I’m not sure which CEO originated the YouTube apology: David Neeleman of JetBlue? Valentines Day 2007: JetBlue passengers stranded for 8 hours on a runway As they blogged/ tweeted about their ordeal, Neeleman took to YouTube to apologise Jan 2010: Akio Toyoda: Toyota recalls 7m vehicles due to clutch and engine problems: Sep 2011: Reed Hastings of Netflix posted public apology on blog after 60% price hike Last month: RIM’s CEO Mike Lazaridis aplogised for Blackberry outages.
For today’s trainee social leaders, being a part of the conversation is essential Just look at what happened to BP in the vacuum created by lack of engagement. While BP spent millions on advertising, activists launched spoof accounts. Remember, if you don’t apologise - someone else will do it for you!
One of the problems of legacy businesses is that they’ve built process upon process Right now, we’re experiencing a bottleneck: we feel overwhelmed by technology. As Clay Shirky says: it’s not information overload, it’s filter failure. Best innovations of recent years have been time-saving, effort-saving devices. Look at all these products whose simple interfaces make our lives easier. In the future, it’s said that we wont’t even notice how we connect The semantic web will interpret our desires even as we articulate them Interfaces will be almost imperceptible; sharing will be truly “frictionless”. Are you simplifying processes or making them more complicated?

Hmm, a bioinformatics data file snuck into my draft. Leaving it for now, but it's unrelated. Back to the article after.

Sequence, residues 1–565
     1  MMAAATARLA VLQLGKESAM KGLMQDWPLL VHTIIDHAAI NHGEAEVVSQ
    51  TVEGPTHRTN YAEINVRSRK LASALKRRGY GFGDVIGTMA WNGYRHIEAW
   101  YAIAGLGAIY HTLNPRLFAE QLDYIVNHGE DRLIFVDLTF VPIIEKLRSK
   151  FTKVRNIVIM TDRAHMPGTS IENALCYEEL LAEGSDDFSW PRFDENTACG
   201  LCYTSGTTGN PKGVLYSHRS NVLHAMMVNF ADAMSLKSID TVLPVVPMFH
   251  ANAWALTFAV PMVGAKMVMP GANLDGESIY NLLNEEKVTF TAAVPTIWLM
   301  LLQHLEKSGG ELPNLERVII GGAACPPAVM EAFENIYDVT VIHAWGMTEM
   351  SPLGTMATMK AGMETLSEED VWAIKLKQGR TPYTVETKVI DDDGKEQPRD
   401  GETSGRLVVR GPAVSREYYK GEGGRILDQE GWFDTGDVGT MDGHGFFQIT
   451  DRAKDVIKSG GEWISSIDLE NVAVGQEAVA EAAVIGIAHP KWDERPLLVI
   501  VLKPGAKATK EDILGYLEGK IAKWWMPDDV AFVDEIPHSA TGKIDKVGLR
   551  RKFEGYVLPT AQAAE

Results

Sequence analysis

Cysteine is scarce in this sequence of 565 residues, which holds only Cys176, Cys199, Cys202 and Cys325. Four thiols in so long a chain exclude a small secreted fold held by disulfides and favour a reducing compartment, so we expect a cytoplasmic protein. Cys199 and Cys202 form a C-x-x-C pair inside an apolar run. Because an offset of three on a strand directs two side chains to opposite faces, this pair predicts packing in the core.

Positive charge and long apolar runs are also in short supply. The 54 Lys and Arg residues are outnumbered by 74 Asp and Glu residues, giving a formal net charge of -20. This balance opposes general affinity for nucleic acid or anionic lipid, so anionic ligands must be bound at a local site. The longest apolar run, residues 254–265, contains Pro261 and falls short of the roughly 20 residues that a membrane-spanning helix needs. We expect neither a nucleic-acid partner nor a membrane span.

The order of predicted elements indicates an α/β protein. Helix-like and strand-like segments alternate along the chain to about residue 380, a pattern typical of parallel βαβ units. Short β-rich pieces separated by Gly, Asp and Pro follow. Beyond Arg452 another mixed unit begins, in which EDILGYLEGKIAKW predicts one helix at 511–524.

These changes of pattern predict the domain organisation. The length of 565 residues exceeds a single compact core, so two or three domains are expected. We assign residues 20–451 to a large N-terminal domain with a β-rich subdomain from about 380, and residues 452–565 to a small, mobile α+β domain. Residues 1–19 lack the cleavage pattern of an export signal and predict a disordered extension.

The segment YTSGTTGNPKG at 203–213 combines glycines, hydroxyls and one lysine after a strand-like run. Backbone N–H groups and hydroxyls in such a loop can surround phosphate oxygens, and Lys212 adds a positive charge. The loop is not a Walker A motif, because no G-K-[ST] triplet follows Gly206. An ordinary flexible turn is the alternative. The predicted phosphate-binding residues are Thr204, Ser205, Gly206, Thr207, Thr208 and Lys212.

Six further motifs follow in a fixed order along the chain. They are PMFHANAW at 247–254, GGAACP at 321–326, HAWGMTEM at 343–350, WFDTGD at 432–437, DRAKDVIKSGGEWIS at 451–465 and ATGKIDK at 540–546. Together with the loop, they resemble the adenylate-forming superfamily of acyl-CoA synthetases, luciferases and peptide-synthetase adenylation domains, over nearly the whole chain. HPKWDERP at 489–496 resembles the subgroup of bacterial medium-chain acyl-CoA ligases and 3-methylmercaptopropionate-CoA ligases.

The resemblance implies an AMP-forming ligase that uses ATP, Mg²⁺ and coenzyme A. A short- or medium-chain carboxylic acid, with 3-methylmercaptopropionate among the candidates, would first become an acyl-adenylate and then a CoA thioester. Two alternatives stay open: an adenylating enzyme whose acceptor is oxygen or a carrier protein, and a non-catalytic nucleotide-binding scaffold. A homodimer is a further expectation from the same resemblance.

Founder of 37Signals (BaseCamp) Met Jason at Web 2.0 Expo/ New York 2008 [tell story] Author of Rework Philosophy: say goodbye to bloat (hierarchy/ layers) Fundamentally, everything is really easy, we just choose to make things difficult Generosity: all members of staff get a corporate credit card 37Signals typical of smart social start-ups today